From Agriculture to Art, Four Unexpected Ways Data Science is Improving our World
We live in an age of rapid disruption and constant transformation. The public is accustomed to seeing the “next big thing” evolve from concept to use case in just a few years. Thanks to recent explosions in computing power and data availability, data science applications like machine learning are no exception to this trend. The quickening pace of discoveries encourages bold visions of highly personalized AI assistants and “digital twin” virtual realities in the future. But are these buzzy visions preventing us from seeing the innovation in data science that improves our world today?
Nearly every field and industry is now drawing on the data scientist’s toolbox, comprising technologies that span basic algorithms to cutting-edge neural networks. But the most groundbreaking work may not make its way to the front pages or your (algorithm-powered) newsfeed. That’s because they typically enhance, rather than replace, existing products and services. The latest or greatest algorithms don’t necessarily define data science innovations; instead, pairing applications like deep learning with current technologies push the boundaries of what’s possible in a given discipline.
For example, we’ve seen recent advances like algorithm-powered early detection systems for wildfires in California and other regions. Once humans had to shift through hundreds of surveillance photographs per day for signs of fire, AI systems can now flag possible outbreaks. And the more it’s used by dispatchers, the better the system becomes.
Here are four other examples of how data science is already driving technology forward in diverse fields today.
From the earliest civilizations, humans have used the latest technology to improve farming practices. In 300 BC, it was the iron plow, and in the 20th century, novel chemical fertilizers and pesticides brought industrialized agricultural techniques to nearly every corner of the world. Finding ways to grow more crops with greater efficiency appears to be an integral part of the human experience.
In today’s world, however, the most advanced farmers focus less on external inputs and more on a new kind of natural resource: data. By gathering extensive information on every aspect of their production, modern agribusinesses can make data-backed decisions to generate better outcomes. Data science applications for farming include convolutional neural networks to detect crop disease and deploy Internet of Things (IoT)-connected sensors to monitor soil health. Farmers can achieve even greater predictive power by combining site-specific data and third-party sources on weather and other factors.
Personalizing taste and nutrition
From delivery platforms to grocery logistics, data is already at the heart of the modern food system. Now, machine learning is quantifying our relationship with food at the individual level. Agri-food businesses like Kellog are turning to data science to navigate changing consumer preferences in a post-pandemic world, lining grocery stores with products whose textures, flavors, and packages were devised using AI. Even winemakers are updating their centuries-old practices with the power of analytics.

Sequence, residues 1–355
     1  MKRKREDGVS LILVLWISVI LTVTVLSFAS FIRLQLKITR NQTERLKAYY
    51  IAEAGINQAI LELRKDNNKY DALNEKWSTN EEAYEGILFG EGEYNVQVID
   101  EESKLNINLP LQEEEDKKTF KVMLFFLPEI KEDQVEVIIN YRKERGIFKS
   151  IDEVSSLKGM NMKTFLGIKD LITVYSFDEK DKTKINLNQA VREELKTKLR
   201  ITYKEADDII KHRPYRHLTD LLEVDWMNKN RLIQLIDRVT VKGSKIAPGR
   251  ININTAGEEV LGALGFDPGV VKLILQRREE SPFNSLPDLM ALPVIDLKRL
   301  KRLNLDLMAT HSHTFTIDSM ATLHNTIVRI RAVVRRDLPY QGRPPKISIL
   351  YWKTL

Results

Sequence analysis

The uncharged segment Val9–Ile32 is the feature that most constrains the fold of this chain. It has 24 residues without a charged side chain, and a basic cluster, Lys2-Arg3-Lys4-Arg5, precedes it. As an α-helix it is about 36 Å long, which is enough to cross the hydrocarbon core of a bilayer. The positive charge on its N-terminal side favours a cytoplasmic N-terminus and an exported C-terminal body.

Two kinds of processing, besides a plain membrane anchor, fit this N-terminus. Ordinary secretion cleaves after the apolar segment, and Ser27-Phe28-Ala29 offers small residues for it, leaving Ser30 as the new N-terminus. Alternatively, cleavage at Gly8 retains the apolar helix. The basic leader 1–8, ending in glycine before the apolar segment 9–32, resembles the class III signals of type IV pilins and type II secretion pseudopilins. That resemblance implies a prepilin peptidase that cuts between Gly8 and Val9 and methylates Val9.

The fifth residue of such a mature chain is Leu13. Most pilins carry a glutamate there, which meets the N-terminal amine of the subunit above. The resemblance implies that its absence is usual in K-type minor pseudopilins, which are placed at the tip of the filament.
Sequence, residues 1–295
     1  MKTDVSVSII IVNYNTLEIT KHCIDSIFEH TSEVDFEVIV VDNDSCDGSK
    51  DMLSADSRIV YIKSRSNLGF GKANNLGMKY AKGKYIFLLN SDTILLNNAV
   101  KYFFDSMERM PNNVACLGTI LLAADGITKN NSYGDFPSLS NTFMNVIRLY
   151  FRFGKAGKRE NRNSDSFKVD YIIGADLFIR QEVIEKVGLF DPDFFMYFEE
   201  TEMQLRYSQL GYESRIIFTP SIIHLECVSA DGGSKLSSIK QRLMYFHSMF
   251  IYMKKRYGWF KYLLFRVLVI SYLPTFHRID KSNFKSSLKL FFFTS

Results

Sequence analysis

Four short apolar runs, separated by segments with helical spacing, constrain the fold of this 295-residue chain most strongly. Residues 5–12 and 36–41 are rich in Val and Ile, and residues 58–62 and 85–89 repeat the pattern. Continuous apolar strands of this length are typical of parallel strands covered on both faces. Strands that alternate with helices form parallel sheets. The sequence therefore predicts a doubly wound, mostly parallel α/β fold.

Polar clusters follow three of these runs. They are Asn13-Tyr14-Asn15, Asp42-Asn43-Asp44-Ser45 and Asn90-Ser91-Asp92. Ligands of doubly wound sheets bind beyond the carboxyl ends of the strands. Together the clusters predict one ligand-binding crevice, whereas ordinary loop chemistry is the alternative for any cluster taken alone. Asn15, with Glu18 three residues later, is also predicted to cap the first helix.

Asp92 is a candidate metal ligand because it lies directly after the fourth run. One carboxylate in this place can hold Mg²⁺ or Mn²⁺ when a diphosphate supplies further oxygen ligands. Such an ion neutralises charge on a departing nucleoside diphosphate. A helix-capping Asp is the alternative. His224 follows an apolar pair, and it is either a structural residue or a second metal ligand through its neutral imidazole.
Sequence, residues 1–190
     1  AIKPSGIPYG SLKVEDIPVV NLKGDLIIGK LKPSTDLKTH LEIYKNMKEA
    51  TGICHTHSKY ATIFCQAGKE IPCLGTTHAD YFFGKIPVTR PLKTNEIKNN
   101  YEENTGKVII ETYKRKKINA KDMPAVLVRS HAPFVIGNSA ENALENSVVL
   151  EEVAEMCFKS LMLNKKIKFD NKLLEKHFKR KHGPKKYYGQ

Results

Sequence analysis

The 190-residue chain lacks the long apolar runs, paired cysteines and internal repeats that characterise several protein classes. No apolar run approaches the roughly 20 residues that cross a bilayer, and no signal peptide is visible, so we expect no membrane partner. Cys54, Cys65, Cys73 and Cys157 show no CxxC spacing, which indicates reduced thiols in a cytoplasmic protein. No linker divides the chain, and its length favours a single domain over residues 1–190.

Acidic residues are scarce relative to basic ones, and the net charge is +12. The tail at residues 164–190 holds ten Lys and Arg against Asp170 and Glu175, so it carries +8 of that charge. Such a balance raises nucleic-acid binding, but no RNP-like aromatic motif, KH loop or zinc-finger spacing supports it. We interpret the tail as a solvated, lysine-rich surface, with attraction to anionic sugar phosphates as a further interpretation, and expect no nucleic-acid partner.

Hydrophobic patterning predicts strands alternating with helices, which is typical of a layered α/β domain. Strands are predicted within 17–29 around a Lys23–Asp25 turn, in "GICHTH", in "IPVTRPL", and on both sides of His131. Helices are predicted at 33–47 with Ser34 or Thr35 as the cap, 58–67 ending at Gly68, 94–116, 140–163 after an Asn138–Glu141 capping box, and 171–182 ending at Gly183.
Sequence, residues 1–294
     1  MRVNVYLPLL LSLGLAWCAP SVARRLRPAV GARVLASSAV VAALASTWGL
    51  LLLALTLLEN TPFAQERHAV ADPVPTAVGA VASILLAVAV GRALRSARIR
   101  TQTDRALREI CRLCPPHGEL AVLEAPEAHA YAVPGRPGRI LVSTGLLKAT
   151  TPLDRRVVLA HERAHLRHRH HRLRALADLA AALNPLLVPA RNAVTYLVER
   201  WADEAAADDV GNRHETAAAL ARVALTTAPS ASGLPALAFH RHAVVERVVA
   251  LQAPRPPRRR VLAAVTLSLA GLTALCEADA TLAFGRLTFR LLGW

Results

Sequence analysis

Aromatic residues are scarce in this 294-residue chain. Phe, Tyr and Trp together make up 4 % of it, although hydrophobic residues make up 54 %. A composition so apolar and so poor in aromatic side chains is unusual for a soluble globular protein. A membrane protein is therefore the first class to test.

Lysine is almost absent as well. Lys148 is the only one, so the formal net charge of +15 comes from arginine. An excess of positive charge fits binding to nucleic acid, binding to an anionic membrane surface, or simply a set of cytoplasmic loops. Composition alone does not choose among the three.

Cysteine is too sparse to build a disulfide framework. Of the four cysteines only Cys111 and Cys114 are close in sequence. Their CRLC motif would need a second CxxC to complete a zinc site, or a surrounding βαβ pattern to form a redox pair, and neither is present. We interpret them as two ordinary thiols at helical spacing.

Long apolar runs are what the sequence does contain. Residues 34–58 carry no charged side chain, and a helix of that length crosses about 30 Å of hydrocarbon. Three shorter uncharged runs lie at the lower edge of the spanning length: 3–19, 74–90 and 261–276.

Data scientists aren’t just crafting tastier snacks, though. Their techniques are also helping solve complex nutrition and health challenges, such as pinpointing the dietary contribution to chronic diseases and creating targeted healthy eating campaigns for social media.
The new avant-garde: analytics art
Much of the dialogue around data science centers on the apparent synergies with STEM fields like life sciences. Without logical or rational goals, the thinking goes, it makes little sense to apply AI principles to creative endeavors. But this is a false dichotomy. Artists across disciplines are increasingly collaborating with (or becoming) data science practitioners.
For example, pioneering musicians have always used technology in the studio; now, artists are experimenting with applications that analyze and extrapolate from human-composed melodies. The application of data science in the arts isn’t limited to music, either; models are learning to create abstract paintings and even creative fiction.
Illuminating ancient and unknown languages
Most of us are familiar with Google Translate, today powered by the GNMT neural translation model. But algorithms are also being used to solve some of the field’s thorniest translation and linguistic challenges. For example, researchers at Boston University are deploying computer vision tools to decipher ancient texts and bridge the translation gap for “under-resourced” languages. Their approach uses deep learning to map languages like three-dimensional space by identifying keywords as “vectors” for bridging the gaps between languages, rather than having AI scour online sources for parallel words and phrases.
Analytics are even extending beyond human communication to the animal realm. The team at Project CETI is applying natural language processing, which assesses fragments of language in context, to thousands of hours of whale noises to identify if their communication features patterns recognizable as words or grammar.
The application of data science to a broad set of fields can improve innovation across the whole realm of human experience. Highlighting just a few ways data science has already contributed to these advances makes us even more optimistic for the eventual impact that ongoing breakthroughs in the data profession will have. At Anaconda, we’re excited to continue our support of this innovation. We can’t wait to see the unique and compelling ways data science will continue to improve our world.